Lecture
Drive you insane
Be your worst nightmare
Hunt you down when needed
Because I love you.

Does that sound like a healthy relationship? When someone says they love you is it ok for them to treat you like this meme suggests? Of course not! We recognize if your “love” holds such control and conditions that it is not in fact love at all.

For children we throw all the normal rules of healthy relationships out the window. This is a particular crime because kids learn how relationships work from watching their primary caregivers and the way the treat others.

As parents we model relationships for our kids. Everything they take into adulthood about how relationships should be come from their earliest formative experiences with the adults in their lives. Do you want this to be the message your kids hear?

This meme isn’t about loving your kids. It is about controlling them, wielding power over them and teaching them that life is a hierarchy and they need to submit to those above them and force submission from those below them. This meme is about a non-consensual relationship where the object of “love” has no say in their treatment. It is one sided.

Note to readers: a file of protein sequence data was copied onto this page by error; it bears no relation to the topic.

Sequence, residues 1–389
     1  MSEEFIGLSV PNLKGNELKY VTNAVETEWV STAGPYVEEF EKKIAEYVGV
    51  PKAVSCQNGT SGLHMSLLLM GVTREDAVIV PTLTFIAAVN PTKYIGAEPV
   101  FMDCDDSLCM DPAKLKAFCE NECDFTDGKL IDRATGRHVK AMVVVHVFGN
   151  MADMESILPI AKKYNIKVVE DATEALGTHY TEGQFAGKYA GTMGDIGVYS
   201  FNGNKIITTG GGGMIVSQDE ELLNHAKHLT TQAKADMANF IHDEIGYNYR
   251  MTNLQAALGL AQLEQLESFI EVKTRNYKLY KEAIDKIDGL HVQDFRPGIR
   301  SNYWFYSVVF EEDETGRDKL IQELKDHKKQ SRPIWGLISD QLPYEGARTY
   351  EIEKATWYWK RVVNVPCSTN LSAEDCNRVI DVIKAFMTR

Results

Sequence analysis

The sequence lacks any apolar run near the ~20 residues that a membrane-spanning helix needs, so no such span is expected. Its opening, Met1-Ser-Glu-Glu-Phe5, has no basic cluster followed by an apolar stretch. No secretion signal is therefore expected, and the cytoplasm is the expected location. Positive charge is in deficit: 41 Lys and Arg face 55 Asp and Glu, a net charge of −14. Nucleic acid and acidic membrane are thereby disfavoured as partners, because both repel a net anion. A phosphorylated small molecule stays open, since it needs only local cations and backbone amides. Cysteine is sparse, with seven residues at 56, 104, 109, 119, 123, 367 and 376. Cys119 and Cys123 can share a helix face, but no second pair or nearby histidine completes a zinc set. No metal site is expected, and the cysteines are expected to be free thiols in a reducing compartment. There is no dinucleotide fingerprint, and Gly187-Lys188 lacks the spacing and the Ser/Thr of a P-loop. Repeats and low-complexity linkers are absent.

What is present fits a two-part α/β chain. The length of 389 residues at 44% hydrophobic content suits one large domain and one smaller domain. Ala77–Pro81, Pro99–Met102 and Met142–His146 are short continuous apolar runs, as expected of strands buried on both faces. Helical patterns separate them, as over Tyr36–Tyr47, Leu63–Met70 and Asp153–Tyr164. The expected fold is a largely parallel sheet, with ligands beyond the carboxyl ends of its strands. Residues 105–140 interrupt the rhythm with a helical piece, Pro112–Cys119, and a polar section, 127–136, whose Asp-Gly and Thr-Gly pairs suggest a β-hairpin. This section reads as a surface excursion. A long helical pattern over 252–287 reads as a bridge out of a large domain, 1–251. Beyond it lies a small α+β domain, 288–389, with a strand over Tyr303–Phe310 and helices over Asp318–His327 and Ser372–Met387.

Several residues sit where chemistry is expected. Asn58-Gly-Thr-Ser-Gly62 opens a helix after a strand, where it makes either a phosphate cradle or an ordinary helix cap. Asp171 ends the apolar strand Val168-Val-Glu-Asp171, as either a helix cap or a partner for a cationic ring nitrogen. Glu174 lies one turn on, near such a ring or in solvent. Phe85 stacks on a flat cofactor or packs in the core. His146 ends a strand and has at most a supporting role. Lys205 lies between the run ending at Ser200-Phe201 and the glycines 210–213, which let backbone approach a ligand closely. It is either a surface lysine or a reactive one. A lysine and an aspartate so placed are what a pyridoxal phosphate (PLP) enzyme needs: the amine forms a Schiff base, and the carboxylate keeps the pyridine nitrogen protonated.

There is another way. And guess what? It works better. Lectures? Anyone who has a preschooler knows lectures work about as well as spanking. Which is to say it may cease the behavior but it never lasts and carries the scars of knowing mom only loves you if you “behave”.

Luckily Joni over at Tales of a Kitchen Witch created a much better version of this meme.

11026039_921735471180943_1973685582210676202_nNow replace this one with “partner” or “spouse”. Does that sound like a relationship you want your daughter to have one day with her significant other?

Instead of stalking, lecturing, and being a nightmare how about we listen, guide, and be a cheerleader.